Migration Defined as a long-term move of a person from one political jurisdiction to another. Immigration: the process of individuals moving into a new country with the intention of remaining there. Emigration: The process of moving out of a particular country, usually the individual person’s country of origin.
Some Facts… Today, more than 174 million people have moved outside the country in which they were born. The number of migrants has more than doubled since 1975. The United States attracts the most migrants of all countries in the world.
With increasing immigration from developing countries into developed countries, it becomes harder to predict future population growth.
Migration Stream Pathway from a place of origin to a destination. Net in-migration= more immigrants than emigrants. Net out-migration= more emigrants than immigrants. What does this tell you about an area’s desirability?
political issues economic factors environmental issues cultural issues transportation routes What causes people to migrate?
Political Issues Armed conflicts and policies of oppressive regimes. The pilgrims, who sailed on the Mayflower to America Forced migration of Native Americans as America expanded west…TRAIL OF TEARS (Indian Removal Act of 1830)
Economic Factors Job opportunities, economic cycles of growth and recession, and cost of living. Examples: European immigrants coming to America in the early 19 th century (later generations also moved) Mid-1990s San Francisco (Before and After)
UNDERSTAND THAT: Many countries are currently experiencing large rural to urban migrations as corporate farming and increased technology have reduced the number of agricultural laborers needed in rural areas.
Environmental Issues Search for arable or fertile land Nomadic herders in Ethiopia, Sudan, and Kenya Desertification Fleeing the city Sierra Nevada range in California
Cultural Issues Cause people to move to places where they feel more at home or where they were able to take advantage of certain institutions. Post-WWII relocation of many Jewish people from Europe, the Americas, and elsewhere to Israel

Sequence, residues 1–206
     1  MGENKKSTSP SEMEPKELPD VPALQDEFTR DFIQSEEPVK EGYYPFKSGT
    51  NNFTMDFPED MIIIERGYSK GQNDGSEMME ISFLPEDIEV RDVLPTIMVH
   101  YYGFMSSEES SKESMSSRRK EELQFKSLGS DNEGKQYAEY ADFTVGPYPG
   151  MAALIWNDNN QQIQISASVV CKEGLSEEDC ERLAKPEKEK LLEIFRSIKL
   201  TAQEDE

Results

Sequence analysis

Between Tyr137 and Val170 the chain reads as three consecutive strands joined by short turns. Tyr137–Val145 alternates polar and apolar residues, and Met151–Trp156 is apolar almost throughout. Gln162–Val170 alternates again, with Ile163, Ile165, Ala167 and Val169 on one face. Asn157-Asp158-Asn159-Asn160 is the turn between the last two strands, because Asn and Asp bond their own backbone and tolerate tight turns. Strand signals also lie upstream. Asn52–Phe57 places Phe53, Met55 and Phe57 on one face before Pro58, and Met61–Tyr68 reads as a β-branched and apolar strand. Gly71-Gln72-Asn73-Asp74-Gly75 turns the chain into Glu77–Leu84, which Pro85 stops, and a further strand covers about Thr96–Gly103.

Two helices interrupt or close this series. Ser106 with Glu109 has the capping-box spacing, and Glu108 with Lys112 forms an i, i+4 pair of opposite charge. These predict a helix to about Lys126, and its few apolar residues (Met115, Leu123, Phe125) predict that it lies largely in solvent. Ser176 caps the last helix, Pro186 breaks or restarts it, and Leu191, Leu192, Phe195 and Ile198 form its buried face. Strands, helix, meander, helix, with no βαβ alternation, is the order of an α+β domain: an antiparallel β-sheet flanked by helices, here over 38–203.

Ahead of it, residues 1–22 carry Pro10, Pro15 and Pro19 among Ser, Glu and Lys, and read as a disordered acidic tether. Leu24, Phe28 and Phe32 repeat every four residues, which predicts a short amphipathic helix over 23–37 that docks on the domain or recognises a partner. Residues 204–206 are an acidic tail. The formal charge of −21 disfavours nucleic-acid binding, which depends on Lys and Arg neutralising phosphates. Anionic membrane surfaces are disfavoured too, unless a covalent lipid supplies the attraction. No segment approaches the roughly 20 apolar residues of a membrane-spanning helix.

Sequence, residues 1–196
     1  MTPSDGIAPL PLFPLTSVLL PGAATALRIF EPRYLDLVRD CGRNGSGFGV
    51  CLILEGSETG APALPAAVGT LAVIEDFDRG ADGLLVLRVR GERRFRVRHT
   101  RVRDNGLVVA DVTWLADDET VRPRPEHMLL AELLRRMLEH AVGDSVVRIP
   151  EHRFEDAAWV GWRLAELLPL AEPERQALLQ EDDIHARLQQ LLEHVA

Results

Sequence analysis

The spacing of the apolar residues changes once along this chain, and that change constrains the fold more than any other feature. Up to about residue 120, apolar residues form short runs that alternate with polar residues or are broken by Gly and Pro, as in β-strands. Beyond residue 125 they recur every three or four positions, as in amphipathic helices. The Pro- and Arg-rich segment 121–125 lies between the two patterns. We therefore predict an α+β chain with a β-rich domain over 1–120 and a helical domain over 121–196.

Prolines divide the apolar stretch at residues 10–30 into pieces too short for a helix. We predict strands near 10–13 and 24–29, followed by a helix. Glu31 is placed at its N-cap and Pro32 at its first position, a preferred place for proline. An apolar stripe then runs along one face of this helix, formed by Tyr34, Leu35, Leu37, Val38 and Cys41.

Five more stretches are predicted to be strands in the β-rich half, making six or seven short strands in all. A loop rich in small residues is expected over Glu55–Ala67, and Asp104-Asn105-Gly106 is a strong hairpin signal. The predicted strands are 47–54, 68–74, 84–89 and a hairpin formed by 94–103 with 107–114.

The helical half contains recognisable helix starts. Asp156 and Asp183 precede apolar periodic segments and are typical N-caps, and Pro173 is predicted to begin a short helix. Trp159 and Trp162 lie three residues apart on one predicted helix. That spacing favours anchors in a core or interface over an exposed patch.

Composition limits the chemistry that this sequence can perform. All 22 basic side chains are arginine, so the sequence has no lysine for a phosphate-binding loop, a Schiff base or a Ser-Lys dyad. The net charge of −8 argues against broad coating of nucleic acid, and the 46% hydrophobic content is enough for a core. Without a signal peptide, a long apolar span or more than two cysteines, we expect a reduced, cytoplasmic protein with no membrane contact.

Transportation Routes Enable and entice people to migrate to new areas. 17 th and 18 th century- Better ships and more reliable navigation systems made safe travel across the Atlantic a possibility 19 th century- New stagecoach routes enabled many white settlers to move westward 20 th century- Roads constructed by the Brazilian government encouraged thousands of people to leave Brazil’s densely populated southeastern coast.
Voluntary Migration Movement of an individual who consciously and voluntarily decides to locate to a new area- the opposite of forced migration.
Chain migration: the migration event in which individuals follow the migration path of preceding friends or family members to an existing community. Familial Religious Ethnic Cultural
Involuntary Migration (Forced Migration) The migration event in which individuals are forced to leave a country against their will. Between the 15 th and 18 th centuries- Slave trade of the Colonial Period 1830-Trail of Tears
THE LARGEST FORCED MIGRATION OCCURRED WITH THE NORTH ATLANTIC SLAVE TRADE, FORCING NEARLY 30 MILLION AFRICANS FROM THEIR HOMES.
Refugees People who leave their home because they are forced out, but not because they are being officially relocated or enslaved. International refugees= leave country Intranational refugees= leave home but stay in country. Also referred to as internally displaced peoples.
Major regions of dislocation and refugees: Sub-Saharan Africa Rwanda, Congo, Sudan etc. Middle East Dislocation of Palestinians after the formation of the Israel. Dislocation of Kurdish people from the former Iraq Afghanistan during/after Soviet occupation in the 1980s. Europe Fall of Yugoslavia Southeast Asia Vietnam, Cambodia, Myanmar South Asia Pakistan, Sri Lanka